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The Organizational Destroyer
By Ray Silverstein

Does your company have an employee who is hard working, competent and loyal but who does not comply with policies, procedures or "bad-mouths" the organization?

If this sounds familiar, you have an "organization destroyer" working for you. These are people who on the surface glitter like a diamond but, if you look closer, have many flaws.

On the surface, destroyers look so good that we give them the extra chance and benefit of the doubt. But these people operate behind the scenes destroying morale, causing dissention and dividing teams with an "us against them" attitude.

Because they seem to be such good workers, we question how we can motivate them to stay on the right track. If only we could change them, they would be great employees and as we know, great employees are so hard to find nowadays. The truth is, no matter what we try, they never blossom but only wither on the vine.

Many managers feel they cannot discharge these people because they perform their jobs well. But the laws of physics apply here. Sir Isaac Newton stated, "To every action, there is always an equal reaction." The action in this situation is taking no action and leaving the destroyer in place. The reaction is a further deterioration of morale and employee attitude.

The manager may fear to make a change because the work may not get done. Amelia Earhart said, "Courage is the price life exacts for granting peace." It takes courage to remove a destroyer, but it is the price to create peace in the organization.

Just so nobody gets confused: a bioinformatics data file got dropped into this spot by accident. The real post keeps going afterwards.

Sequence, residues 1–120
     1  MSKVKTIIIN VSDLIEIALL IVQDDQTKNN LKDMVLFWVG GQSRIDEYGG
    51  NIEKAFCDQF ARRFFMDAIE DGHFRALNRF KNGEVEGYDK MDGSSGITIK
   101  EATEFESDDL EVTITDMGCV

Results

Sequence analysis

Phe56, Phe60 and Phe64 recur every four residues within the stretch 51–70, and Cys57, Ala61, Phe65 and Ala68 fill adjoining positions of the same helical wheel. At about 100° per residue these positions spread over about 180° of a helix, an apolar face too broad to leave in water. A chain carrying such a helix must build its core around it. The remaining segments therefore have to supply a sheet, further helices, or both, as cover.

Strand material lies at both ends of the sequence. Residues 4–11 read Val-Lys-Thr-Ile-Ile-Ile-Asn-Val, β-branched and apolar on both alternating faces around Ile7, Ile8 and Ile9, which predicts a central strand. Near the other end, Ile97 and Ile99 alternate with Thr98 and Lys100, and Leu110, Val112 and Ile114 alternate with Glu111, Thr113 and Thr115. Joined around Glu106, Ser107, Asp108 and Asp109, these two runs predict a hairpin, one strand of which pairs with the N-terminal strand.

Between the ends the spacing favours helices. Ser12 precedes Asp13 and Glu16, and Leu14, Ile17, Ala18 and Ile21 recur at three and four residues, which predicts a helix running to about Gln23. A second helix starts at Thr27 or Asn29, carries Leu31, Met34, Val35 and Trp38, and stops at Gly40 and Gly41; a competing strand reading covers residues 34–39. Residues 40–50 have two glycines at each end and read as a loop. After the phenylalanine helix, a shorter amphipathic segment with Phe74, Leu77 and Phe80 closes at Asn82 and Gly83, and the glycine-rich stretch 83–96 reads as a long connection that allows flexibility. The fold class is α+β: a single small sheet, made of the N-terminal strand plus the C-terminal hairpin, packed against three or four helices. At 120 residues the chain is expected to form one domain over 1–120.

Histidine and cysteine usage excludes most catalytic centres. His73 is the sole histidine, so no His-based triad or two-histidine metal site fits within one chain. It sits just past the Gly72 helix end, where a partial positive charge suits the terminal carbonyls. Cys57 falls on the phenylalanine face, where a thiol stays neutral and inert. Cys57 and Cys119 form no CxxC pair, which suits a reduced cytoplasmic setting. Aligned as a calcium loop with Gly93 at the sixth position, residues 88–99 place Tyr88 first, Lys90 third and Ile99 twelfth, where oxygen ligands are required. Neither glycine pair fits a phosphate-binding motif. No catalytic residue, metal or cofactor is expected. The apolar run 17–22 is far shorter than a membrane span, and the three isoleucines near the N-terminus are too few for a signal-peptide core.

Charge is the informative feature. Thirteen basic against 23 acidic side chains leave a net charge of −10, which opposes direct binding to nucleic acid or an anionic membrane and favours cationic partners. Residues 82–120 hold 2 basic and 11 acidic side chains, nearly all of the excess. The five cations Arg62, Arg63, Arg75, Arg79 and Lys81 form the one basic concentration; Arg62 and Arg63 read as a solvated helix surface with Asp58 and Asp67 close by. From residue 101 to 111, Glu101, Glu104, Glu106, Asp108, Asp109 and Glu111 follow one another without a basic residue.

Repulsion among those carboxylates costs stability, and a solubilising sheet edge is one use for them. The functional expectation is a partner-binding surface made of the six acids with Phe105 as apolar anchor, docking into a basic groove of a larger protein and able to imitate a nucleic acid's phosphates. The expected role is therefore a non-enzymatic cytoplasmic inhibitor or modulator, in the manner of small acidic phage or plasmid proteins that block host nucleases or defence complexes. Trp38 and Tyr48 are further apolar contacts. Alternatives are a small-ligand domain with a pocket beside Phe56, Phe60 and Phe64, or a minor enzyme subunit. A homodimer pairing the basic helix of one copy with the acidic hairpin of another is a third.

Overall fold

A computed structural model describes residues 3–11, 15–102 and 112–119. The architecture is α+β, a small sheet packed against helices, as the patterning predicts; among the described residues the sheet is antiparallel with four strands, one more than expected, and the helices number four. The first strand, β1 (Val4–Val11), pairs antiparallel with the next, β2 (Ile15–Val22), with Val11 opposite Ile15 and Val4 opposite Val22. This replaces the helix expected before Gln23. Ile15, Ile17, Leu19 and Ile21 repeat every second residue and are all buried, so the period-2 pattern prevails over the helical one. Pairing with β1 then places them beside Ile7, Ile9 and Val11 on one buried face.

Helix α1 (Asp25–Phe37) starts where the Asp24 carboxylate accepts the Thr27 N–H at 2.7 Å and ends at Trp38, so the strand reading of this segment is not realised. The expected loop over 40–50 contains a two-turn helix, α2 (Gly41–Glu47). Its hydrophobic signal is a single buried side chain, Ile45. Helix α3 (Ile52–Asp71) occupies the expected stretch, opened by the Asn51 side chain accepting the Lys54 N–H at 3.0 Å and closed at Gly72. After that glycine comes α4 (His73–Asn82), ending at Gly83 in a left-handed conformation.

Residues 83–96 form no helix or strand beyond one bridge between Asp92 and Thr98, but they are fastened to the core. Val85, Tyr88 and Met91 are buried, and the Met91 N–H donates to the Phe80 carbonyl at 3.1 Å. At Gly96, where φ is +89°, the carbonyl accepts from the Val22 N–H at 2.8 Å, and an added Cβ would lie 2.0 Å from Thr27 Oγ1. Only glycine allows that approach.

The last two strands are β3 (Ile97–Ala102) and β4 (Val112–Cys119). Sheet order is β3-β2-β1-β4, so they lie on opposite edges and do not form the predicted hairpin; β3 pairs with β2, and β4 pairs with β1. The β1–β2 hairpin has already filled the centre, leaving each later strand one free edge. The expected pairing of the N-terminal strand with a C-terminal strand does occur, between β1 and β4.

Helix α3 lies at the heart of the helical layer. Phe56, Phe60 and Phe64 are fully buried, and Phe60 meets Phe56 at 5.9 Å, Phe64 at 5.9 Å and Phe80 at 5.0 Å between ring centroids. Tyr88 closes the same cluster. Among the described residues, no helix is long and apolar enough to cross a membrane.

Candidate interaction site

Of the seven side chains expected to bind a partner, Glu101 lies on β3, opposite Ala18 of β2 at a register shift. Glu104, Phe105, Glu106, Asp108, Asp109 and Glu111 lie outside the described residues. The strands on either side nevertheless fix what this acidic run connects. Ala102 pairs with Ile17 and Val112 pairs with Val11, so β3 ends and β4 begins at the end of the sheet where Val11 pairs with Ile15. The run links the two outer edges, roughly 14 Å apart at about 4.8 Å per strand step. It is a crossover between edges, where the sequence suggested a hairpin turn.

In PRO discussions, we find that those who remove destroyers from their organizations report that the company functions much better. The trade-off of improving total performance with a possible reduction of efficiency in one area was well worth the action.

Going to work should not be a destructive activity. Attitude in the workplace is a key ingredient to productivity, customer service and employee retention. It is obvious that when one views the whole organization instead of just a job, the destroyer must be discharged.

A key question is how to determine if a person is actually a destroyer or if he or she has legitimate concerns. It is incumbent for the manager to exercise "MBWA" (Management by Walking Around). This means keeping your eyes and ears open and listening to employee concerns and watching their actions and attitude. The judgement is subjective because it is based upon one's experience and observation. In short, act like the monkeys: see evil, hear evil, eliminate evil.

Lee Iacocca said, "There's a world of difference between a strong ego, which is essential, and a large ego, which can be destructive." A manager's role is to know the difference and to have the courage to take the necessary action.

 

 

 
 
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